Is 4MP Enough In 2018? Part 1 – Sony DSC-L1 Review

With 36MP digital cameras widely available, and even smartphones offering 19MP plus, the manufacturers try to tell us the more MP, the better your photography will be.

But after coming to love a small collection of classic digital cameras in the last year or so, mostly around 10MP, I’m starting to wonder how many MP we really need to make pleasing images.

I have a 6MP CCD Samsung DSLR which makes lovely images, nowhere near what I would consider to be too grainy or low quality.

Also, the recent rediscovery of my 5MP Sony Elm camera phone, which, despite its tiny sensor, is still capable of some very satisfying photographs, lowered the minimum MP bar further still.

The next step in my experiments then, is to try 4MP.

For this venture, I came across, in an unconnected way, a Sony and an Olmypus, which, though unplanned at the time I found them, both have a 4MP sensor.

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First up then, the Sony Cyber-Shot DSC-L1 was released around 2004, with a tiny 1/2.7″ CCD sensor.

In fact everything about this camera is tiny, and reminds me of the Sony Ericsson camera phones I first cut my photography teeth with in the mid 2000s.

Despite its diminutive stature, handling is actually rather good due to the depth of the camera, the vertically curved front part of the body, the raised grip dots on the rear, and a cleverly placed strap lug which doubles as a thumb rest.

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The lens is a Carl Zeiss Vario Tessar 32-96mm f/2.8 max. Pleasingly, with this focal length being very close to my favourite of 35mm, I can just switch it on and use it as a 32/2.8 prime, not needing to adjust the zoom.

At first glance the Sony seems to have few controls, but within the straightforward menu there are most of the options I need, including exposure compensation, ISO, contrast, saturation and a b/w mode.

AF seems impressively fast and accurate for a 13 year old camera, and both the central square and a green dot in the screen flash, then remain on when focused, which is very clear to see. It focuses close enough too, always a potential deal breaker for me.

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Another plus is that unlike many cameras, the Cyber-Shot appears to remember all your settings after your turn it off, aside from the b/w mode.

But because it also remembers where you were in the menu, I can leave it on the “P Effect” setting and just power up, choose Menu > b/w in a second and I’m good to go.

The battery is lithium, standard with most compacts. The memory is Memory Stick Duo Pro. Handily although the camera came with a couple of native cards, the former owner invested in a neat adapter that lets you slot a micro SD card in a Memory Stick sized body. This plus a 2GB micro SD gives me more memory than I’ll ever need (1005 images, the screen tells me!), especially with only 4MB images.

Something to consider when investing in older digital cameras is the memory format, but with solutions like the micro SD adapter it means I could use the same micro SD card in the Sony with the Memory Stick Duo adapter, and in my main three other digital compacts with a micro SD to SD adapter (which most micro SD cards come with anyway).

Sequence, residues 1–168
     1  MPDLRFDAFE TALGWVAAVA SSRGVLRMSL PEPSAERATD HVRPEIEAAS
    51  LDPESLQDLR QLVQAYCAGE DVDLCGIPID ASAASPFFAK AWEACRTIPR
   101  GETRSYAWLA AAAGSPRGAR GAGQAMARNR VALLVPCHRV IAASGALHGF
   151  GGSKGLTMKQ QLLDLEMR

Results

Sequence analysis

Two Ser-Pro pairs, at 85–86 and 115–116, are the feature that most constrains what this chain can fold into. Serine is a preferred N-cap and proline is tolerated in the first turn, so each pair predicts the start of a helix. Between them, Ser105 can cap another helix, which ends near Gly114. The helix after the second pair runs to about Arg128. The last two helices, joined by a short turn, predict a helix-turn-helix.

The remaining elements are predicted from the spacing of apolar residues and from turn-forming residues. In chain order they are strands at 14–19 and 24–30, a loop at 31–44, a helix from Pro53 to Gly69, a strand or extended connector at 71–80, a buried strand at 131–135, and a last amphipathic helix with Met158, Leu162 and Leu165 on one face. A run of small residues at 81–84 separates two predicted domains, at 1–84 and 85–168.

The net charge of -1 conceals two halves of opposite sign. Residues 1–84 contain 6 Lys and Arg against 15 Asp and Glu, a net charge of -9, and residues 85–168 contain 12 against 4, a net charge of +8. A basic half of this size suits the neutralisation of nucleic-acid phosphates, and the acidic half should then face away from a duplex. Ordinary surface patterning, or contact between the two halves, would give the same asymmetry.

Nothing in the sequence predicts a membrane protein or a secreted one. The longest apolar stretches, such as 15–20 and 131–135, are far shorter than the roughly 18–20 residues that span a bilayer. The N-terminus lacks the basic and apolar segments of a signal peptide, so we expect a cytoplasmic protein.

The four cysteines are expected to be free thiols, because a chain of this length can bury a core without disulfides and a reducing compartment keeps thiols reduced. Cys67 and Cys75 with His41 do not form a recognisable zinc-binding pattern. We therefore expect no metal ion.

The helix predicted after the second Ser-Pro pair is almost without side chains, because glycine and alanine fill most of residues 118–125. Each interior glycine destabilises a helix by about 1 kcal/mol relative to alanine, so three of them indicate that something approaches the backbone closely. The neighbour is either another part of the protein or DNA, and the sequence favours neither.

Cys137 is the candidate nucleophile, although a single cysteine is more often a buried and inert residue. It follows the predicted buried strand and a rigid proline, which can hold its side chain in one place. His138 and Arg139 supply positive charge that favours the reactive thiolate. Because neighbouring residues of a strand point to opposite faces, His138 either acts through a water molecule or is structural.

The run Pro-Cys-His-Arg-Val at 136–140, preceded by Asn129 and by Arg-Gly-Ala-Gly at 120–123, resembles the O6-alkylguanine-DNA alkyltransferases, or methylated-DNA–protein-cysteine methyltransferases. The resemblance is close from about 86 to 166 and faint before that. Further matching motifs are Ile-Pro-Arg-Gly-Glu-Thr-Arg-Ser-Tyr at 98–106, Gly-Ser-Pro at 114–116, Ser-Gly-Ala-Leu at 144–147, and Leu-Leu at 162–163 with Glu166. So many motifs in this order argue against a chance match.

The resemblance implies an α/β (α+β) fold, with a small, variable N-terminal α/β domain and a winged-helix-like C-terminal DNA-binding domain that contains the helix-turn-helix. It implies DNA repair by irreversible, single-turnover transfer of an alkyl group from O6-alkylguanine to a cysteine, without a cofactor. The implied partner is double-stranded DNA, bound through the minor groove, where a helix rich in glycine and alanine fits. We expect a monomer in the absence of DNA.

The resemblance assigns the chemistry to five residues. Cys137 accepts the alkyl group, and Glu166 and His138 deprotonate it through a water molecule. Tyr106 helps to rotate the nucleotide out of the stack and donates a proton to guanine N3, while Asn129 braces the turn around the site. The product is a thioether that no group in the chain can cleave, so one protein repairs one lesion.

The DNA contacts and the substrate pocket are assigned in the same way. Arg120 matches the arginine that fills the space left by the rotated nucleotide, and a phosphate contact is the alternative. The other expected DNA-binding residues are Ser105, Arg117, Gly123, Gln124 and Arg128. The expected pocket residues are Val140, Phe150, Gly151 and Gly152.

One memory card (plus one cheap reader) then offers great consistency across a number of different cameras without needing different cards, readers and/or cables for each.

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Back to the Sony, there is little else to say. Which is not because it’s dull or featureless, but because it just seems to have all you need and nothing you don’t, in a super discrete and compact package. Seriously, I have pretty small hands, but I can still hide the camera almost entirely in a loose fist.

On the minus, you could grumble over the pretty tiny screen, though it’s surprisingly sharp and detailed enough both to compose, and to confirm you’ve got the required part of the image in focus. Plus, like everything with L1, it’s perfectly proportioned. Did I mention it’s tiny?

Oh and it cost me less than £7 plus postage.

But what about the major point of this two part experiment? Can a 13 year old 4MP camera make decent photographs in 2018?

I’ll let you judge for yourself. All images in this post were made with the Sony DSC-L1 plus a tiny bit of post processing via my usual Snapseed b/w preset.

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I love what it can do, and it’s by far the smallest camera I have, whilst also handling very well. It’s got me seriously thinking about whether I need 10MP £100+ cameras when this little 4MP gem which cost me around £10 ticks so many boxes.

In the next week or two I’ll continue to experiment with the Sony as well as giving the Olympus pictured above a few outings too, with a follow up post reviewing that camera.

Have you used a 4MP digital? How did you find it? 

Please let us know in the comments below (and remember to tick the “Notify me of new comments via email” box to follow the conversation).

Thanks for looking. Please share this post with others you feel will enjoy it too. If you’re interested, this is what my photography life looks like right now.

34 thoughts on “Is 4MP Enough In 2018? Part 1 – Sony DSC-L1 Review”

  1. For most screen viewing 4MP should be enough and the images you have made are very nice indeed.